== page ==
As a recent Road and Track article asserts, women have also successfully entered the historically male bastion of custom truck build and design. Two sisters from California, who grew up helping their parents in a family-owned collision and body repair shop, took over the business when their parents retired. With no sons to carry on the business, this mom and dad encouraged their young daughters to become involved in the care and building of cars. With the help, business sense, and hard work of their two truck-savvy daughters, what began as a small shop in the home garage now occupies a 10,000 square foot facility.

The Road and Track article reflects a common theme among women who achieve success in auto-related endeavors. As I noted in a number of past projects regarding women’s participation in automobile cultures traditionally associated with men, women who gain hands-on automotive experience at an early age – from fathers, mothers, brothers, and boyfriends – are as likely to become involved with cars in some capacity as young men with similar backgrounds. Working on automotive projects together with family members can encourage bonding and a sense of shared purpose. Such automotive togetherness can lead to the accumulation of auto knowledge, confidence in one’s skills, and pride in hard work. 

Theresa, the oldest daughter, left the business for a few years to acquire additional skill sets. She worked for a machinist during the day while attaining a graphic design degree at night. She returned home with new skills and new ideas, helping the business to grow and prosper. Theresa’s out-of-the box design skills have redirected the business from repair work to complicated custom builds. Now that her parents are retired, Theresa shares the running of the business with her husband and sister Sara, continuing the family tradition.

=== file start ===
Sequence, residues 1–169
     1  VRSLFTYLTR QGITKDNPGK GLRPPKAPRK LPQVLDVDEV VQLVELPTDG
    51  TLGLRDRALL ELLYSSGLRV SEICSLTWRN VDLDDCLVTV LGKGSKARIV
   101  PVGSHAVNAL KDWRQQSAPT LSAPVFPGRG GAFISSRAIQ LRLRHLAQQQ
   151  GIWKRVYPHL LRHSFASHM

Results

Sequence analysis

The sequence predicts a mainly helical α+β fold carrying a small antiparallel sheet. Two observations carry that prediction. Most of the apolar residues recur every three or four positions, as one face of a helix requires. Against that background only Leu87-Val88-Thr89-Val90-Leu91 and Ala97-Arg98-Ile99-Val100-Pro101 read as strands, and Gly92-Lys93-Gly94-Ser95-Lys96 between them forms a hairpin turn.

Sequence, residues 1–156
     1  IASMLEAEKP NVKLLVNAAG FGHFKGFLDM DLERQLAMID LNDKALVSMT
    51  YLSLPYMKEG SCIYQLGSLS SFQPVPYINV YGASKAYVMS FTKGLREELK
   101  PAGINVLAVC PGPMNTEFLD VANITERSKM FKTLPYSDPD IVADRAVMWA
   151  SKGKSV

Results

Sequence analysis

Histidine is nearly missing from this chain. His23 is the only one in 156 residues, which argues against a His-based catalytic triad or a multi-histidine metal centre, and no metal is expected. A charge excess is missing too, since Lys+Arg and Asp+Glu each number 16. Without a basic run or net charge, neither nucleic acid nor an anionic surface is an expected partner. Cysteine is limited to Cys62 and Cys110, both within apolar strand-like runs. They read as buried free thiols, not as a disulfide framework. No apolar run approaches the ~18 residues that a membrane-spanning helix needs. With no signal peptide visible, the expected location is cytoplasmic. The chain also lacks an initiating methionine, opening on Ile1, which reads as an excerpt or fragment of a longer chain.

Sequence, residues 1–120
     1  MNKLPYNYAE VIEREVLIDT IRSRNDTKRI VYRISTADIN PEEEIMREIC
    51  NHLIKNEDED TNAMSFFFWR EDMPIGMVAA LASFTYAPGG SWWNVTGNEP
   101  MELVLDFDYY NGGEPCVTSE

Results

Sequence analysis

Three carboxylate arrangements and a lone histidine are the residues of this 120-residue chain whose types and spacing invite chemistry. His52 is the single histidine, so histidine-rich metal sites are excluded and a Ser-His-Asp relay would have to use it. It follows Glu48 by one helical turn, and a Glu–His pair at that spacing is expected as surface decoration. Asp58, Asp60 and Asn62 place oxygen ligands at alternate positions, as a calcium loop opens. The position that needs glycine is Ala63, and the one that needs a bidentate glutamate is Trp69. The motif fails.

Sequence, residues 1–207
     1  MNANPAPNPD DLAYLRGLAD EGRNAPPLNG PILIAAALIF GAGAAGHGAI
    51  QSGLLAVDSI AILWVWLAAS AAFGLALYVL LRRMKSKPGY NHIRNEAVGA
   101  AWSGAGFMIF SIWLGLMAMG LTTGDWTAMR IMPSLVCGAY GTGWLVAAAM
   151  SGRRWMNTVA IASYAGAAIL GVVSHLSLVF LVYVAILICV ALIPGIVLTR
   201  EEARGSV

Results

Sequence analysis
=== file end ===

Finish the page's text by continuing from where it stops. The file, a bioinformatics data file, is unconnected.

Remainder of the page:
The sisters have gained a reputation as skilled, hard-working, and creative. Their vehicles are presented at SEMA to great acclaim. The gone beyond the shop floor to give back to the automotive community in numerous and valuable ways. They have made a name for themselves, and the family business, in the very masculine world on custom built trucks. In doing so, they have demonstrated that given the proper training, encouragement, and opportunities, women can not only drive pickup trucks, but they can successfully, creatively, and expertly build them. 

Margaret Walsh

From “Gender and Automobility: Selling Cars to American Women after the Second World War.”